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Official Journal of the , the International Union of Phlebology and the
Indexed/Abstracted in: BIOSIS Previews, Current Contents/Clinical Medicine, EMBASE, PubMed/MEDLINE, Science Citation Index Expanded (SciSearch), Scopus
Impact Factor 0,899
Georgakarakos E. 1, Ioannou C. V. 1, Papaharilaou Y. 2, Kostas T. 1, Kozyrakis G. V. 2, Katsamouris A. N. 1
1 Department of Vascular Surgery, University of Crete Medical School, Heraklion, Greece
2 Institute of Applied and Computational Mathematics, Foundation for Research and Technology-Hellas, Heraklion, Greece
AIM:The aim of this paper was to study the characteristics of three distending small abdominal aortic aneurysms (AAAs), with an increase in maximal diameter from 5 to 5.5 cm or above.
METHODS: Peak Wall Stress (PWS) in the presence and absence of intraluminal thrombus (ILT) was evaluated in 3 cases of small AAAs (5 cm), at initial presentation and after their expansion, at maximum diameters ≥5.5 cm using finite element analysis. Furthermore, AAA sac volume (Vsac), the percentage volume of ILT (ILT%) and the percentage change of Vsac (ΔV%) and ILT (ILT%) were estimated and the location of PWS was recorded.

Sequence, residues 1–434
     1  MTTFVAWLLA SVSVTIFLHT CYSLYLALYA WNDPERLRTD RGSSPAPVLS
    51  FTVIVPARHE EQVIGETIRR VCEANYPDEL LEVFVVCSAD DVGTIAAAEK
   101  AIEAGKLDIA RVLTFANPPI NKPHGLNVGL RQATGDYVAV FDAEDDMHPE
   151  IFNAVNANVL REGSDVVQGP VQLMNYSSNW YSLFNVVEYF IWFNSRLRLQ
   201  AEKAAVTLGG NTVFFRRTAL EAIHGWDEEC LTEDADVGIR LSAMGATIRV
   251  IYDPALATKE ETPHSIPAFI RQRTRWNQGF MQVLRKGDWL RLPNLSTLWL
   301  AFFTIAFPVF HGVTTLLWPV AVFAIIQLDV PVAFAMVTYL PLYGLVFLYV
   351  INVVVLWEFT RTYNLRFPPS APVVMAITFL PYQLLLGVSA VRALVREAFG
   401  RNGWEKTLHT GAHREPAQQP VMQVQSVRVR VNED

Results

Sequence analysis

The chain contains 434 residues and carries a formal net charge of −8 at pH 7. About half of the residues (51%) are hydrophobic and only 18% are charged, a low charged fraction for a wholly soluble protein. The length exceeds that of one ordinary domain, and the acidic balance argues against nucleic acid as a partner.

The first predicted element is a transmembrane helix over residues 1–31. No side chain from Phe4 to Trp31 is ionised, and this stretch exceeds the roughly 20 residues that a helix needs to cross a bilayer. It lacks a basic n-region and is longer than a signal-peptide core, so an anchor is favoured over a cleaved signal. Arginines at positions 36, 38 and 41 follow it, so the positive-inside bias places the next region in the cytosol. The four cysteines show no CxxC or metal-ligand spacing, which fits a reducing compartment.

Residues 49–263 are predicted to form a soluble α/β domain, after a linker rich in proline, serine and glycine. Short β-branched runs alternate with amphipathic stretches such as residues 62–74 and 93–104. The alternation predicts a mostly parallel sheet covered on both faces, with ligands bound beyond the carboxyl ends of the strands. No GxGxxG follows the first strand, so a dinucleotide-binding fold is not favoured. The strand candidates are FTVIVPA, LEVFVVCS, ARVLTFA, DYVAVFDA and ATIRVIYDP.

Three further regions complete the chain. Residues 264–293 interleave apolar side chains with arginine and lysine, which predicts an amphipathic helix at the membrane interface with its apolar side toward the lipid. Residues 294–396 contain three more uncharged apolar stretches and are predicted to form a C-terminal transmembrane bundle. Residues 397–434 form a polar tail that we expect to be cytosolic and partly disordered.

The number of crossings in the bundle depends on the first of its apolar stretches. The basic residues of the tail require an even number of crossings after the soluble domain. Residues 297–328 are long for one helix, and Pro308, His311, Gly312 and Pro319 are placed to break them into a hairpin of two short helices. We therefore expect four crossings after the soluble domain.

RESULTS: Two AAA expanded from 5cm to 5.5 cm in a period of 6 months after initial presentation, with increase of sac volume by 20% and 30%, respectively. The third AAA expanded to a diameter of 6.5 cm after a follow-up period of 13 months, with a subsequent increase in sac volume of 78%. The expansion of AAA max diameter did not correlate with differences in peak wall stress (PWS) values at the initial presentation, ranging from 20.5 to 21.3 Nt/cm2.
CONCLUSION: PWS values cannot solely serve as a predictive tool for small AAA expansion. Small AAA expansion seem to be a multifactorial process, not solely described by PWS values but rather by a combination of mechanical, hemodynamic and biological factors.